itabuki 板葺
KEY WORD : architecture / general terms / folk dwellings
Wood shingles. Widely used in Japan for buildings of many kinds, ranging from palaces, elite residences, shrines and temples to ordinary houses *minka 民家. Itabuki is believed to have been used at a high social level as early as the Asuka period. On vernacular houses, it was particularly used in mountainous areas where material for thatch was relatively hard to obtain. In urban districts it was gradually displaced during the last years of the Edo period by tile, which was both fireproof and longer lasting (itabuki roofs lasted about 30 years). Generally, the shingles were made from a log split first into quarters along the grain, and then cut or split (with wedges or a hatchet nata 鉈) into progressively thinner boards. These were less than 75mm thick, and their width was less than three times their thickness. The preferred materials were cedar *sugi 杉, sweet chestnut kuri 栗 and chamaeciparis pisifera sawara 椹. Reddish, sinuous lumber was preferred. Shingle types, in declining order of quality, included: tochi 栩, tokusa 木賊, masa 柾, koba 木羽, and kokera 柿. It is clear from a comparison of early medieval itabuki on vernacular houses, as depicted in illustrated handscrolls *emaki 絵巻, and itabuki shown in late Muromachi to Momoyama period painted screens *byoubu-e 屏風絵, that there was a general tendency for the shingles to get smaller. In the late Heian period, the distance from ridge to intermediate pillars *irigawabashira 入側柱, and from intermediate pillars to outer pillars *kawabashira 側柱 were each spanned with a single long shingle. In the Momoyama period, four or five shingles seem to have been enough to cover the distance from ridge to eaves, suggesting that the length of individual shingles was reduced by half. By the later Edo period, large shingles averaged between 45-85cm in length by 9-15cm in width by 1cm thick, while small ones averaged 30cm in length by 12cm in width by 3mm thick. Roofing undertaken with the larger type is called *naga-itabuki 長板葺, and with the smaller, ko-itabuki 小板葺. Doubtless dwindling timber resources led to this diminution in size. From medieval times, however, small shingles came to be used in more refined itabuki roofs on elite residences, shrines, and presumably developed to simulate the effects of cypress-bark roofing *hiwadabuki 桧皮葺. In these roofs, the lap of the shingle courses was far greater. A variety of names were used for such roofs, according to the detail and the type and thickness of the single, but the best known are *tochibuki 栩葺 and *kokerabuki 柿葺. Other forms of itabuki include sogibuki 殺ぎ葺, noshibuki 熨斗葺, *yamatobuki 大和葺, *odawarabuki 小田原葺, tontonbuki とんとん葺 and *ishioki itabuki 石置板葺. The character of itabuki roofs varied from the most curvaceous elegance possible, kokerabuki, which could be used for nearly any shape of roof, to the straight, shallowly pitched roofs of ishioki itabuki houses, which were almost invariably gabled *kirizuma yane 切妻屋根. Fixings as well as shingle size had much to do with this contrast: kokerabuki shingles were held in place with bamboo nails, while ishioki itabuki was held in place with stones. Roofs could not be steep or the stones would roll off.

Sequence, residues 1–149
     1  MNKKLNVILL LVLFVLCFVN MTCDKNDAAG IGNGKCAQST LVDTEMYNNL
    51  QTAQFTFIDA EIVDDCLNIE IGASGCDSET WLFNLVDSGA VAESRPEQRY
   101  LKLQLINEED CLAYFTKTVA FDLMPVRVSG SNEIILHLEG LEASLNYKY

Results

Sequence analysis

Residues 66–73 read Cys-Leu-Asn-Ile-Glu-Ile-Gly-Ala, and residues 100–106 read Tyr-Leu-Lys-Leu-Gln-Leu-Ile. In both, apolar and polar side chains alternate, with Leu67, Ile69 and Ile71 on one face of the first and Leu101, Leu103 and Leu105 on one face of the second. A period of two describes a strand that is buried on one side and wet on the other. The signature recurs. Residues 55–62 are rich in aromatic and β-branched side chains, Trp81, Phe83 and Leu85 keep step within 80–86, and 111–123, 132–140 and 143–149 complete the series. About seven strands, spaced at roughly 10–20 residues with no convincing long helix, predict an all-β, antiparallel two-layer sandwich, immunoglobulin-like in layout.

Old Tanaka 田中 house (Gifu)
Old Tanaka 田中 house (Gifu)
Old Tanaka 田中 house (Gifu)
Hida minzokumura・Hida no sato 飛騨民俗村・飛騨の里 (Gifu)

*itabuki yane 板葺屋根, *kure 榑 

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